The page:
A breakneck French thriller, Point Blank is so ridiculously successful at keeping its momentum going - and keeping the audience tense with suspense - that it's likely to leave you with your heart pounding, gasping for breath. So, a health advisory: Have a long chug of water when you leave the theater, and maybe try a little yoga, or meditation, too.
Like Tell No One, Guillaume Canet's 2006 man-on-the-run hit (soon to be Hollywoodized, with Ben Affleck directing and starring), Point Blank presents an adrenalin-fueled scenario in which an innocent Every Guy must contend with sinister creeps, gun-toting thugs, and clueless cops - leaping across rooftops, dodging cars, tearing into crowded Metro stations in order to save the day.
Coincidentally, it's the actor who played Tell No One's colorful sidekick - Bruno, the gruff, garrulous street gangster who helps François Cluzet out of a major jam - who takes the lead in Point Blank. As Samuel, a hospital nurse who unwittingly gets embroiled in some deadly business, Gilles Lellouche has our sympathy and support from the get-go. How can he not?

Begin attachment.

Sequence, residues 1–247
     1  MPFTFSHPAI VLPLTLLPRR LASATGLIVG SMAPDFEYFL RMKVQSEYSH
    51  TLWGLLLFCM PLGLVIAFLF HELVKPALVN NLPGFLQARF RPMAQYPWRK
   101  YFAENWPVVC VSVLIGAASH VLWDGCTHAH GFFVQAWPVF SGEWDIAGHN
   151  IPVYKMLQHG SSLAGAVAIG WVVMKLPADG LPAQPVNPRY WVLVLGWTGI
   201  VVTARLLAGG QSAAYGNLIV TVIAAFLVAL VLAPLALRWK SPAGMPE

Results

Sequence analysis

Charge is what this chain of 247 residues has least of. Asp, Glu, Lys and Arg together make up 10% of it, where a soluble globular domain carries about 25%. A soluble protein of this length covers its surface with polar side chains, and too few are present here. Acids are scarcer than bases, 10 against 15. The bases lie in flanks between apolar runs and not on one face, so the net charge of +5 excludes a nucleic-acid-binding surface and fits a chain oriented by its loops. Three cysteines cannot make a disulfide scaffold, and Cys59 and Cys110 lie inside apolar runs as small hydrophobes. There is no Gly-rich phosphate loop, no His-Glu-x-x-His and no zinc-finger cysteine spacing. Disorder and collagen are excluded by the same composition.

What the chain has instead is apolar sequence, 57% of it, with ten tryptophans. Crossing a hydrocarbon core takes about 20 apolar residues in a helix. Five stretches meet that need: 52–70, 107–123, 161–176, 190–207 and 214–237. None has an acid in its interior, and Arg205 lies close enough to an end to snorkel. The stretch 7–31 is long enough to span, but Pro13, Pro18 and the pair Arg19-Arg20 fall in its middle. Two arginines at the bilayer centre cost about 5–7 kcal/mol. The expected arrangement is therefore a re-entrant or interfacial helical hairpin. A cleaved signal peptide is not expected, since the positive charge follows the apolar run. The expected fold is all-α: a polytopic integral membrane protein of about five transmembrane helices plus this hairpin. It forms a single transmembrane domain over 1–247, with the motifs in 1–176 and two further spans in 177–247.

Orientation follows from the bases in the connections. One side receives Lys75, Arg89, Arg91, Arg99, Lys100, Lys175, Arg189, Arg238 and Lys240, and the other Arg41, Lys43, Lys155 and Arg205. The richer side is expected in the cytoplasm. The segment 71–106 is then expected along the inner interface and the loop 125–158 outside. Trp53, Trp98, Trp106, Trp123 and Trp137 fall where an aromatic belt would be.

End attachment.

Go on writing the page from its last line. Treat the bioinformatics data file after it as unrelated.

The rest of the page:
Here's this earnest, industrious nursing student, with a beautiful and very pregnant wife (Elena Anaya) at home, who saves a patient on the brink of expiration. Someone had cut off the man's oxygen supply, and if Samuel hadn't acted fast, he'd be dead.